How Should Research Performance Be Measured? A Study of Swedish Economists
23 Pages Posted: 15 Aug 2007 Last revised: 5 Apr 2019
Date Written: September 23, 2008
The increased international exchange and competition in modern economics research has boosted the demand for objective and internationally comparable evaluations of institutions and individual researchers. There exist several plausible measures of research performance, each capturing one or several relevant aspects, but none of them can be argued to suffice as the sole vehicle for the ranking and valuation of output.
Using a sample of the whole population of full professors of economics in one country (Sweden) we explore how the use of different measures influence outcomes in terms of the skewness and ranking of individual performances. We find large differences across all measures, but some deviate more than others. In particular, the journal ranking of Kalaitzidakis et al. 2003 (KMS), which was endorsed by the European Economic Association and has been extremely influential especially in Europe, appears to be an outlier among the available measures. Its distribution of performances is the most skewed, and its ranking of scholars corresponds the least with the rankings of the other measures.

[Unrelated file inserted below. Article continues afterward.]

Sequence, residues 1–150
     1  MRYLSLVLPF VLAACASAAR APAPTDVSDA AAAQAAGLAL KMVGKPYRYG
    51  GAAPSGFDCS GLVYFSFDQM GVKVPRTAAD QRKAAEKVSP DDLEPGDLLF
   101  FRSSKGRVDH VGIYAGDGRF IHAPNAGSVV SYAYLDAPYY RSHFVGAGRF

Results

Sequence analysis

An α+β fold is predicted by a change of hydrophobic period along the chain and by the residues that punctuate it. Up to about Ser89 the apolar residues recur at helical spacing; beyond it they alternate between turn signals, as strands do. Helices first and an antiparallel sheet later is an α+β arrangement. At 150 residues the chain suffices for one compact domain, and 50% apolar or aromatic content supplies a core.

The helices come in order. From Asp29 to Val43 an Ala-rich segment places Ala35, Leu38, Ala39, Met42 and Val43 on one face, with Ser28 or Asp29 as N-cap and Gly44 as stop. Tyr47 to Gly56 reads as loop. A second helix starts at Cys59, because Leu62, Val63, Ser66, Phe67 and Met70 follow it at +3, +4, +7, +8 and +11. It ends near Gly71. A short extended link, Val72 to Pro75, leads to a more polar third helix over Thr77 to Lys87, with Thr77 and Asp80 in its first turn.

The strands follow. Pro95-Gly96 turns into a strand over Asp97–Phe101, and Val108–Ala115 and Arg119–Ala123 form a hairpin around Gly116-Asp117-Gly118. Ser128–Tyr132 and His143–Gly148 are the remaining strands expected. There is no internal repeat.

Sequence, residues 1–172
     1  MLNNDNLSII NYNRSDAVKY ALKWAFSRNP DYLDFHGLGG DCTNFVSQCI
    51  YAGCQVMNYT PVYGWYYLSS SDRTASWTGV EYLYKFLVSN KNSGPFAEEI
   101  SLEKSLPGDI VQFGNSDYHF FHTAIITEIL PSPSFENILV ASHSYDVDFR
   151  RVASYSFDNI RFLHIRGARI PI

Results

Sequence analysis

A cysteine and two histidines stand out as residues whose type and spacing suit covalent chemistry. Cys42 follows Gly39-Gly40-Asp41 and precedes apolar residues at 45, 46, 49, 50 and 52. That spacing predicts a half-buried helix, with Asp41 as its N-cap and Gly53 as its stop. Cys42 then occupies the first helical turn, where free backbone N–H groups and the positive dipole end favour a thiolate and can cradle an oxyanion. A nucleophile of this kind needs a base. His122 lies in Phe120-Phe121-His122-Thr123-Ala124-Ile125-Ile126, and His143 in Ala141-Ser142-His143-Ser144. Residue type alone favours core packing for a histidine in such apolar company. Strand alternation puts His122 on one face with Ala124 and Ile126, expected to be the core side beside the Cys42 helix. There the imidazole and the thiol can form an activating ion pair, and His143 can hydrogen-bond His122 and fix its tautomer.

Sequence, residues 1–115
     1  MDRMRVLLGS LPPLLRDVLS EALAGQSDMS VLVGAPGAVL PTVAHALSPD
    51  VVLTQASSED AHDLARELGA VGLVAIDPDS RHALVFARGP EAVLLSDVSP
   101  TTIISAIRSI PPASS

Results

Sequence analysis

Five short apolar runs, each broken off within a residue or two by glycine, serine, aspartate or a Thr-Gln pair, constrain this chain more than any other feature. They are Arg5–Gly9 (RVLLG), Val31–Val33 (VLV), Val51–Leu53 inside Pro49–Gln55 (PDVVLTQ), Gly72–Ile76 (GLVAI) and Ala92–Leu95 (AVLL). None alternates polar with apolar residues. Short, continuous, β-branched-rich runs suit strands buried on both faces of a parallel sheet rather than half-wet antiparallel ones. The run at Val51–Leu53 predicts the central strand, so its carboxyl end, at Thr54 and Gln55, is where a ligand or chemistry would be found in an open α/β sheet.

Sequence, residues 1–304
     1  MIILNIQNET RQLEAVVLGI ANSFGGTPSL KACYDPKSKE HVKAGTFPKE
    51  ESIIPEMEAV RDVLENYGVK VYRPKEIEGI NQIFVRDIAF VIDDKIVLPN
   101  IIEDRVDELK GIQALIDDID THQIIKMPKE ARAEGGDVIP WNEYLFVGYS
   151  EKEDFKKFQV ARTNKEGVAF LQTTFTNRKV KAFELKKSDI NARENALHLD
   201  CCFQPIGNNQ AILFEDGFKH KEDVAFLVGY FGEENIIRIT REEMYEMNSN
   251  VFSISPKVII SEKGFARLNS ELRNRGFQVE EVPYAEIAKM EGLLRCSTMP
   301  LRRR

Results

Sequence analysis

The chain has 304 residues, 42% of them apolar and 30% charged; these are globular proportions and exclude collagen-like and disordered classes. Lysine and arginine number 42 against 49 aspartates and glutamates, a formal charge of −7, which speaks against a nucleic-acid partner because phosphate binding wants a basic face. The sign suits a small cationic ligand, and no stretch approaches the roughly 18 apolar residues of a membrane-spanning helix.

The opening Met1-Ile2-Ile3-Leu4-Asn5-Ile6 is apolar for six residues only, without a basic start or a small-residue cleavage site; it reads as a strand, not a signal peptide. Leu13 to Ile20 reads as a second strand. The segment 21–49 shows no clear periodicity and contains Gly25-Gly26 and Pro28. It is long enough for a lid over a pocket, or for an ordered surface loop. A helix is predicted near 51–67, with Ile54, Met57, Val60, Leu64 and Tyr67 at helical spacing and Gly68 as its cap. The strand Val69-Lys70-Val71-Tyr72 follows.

Hence, relying on one single metric of research quality, especially one that is as extreme as KMS, is associated with a great risk given that researchers tend to adjust behavior in order to maximize the assessed relative and absolute value of their work.
Keywords: Impact of research, Ranking, Research output, Research productivity
JEL Classification: A11, A13, A14, B41
Suggested Citation: Suggested Citation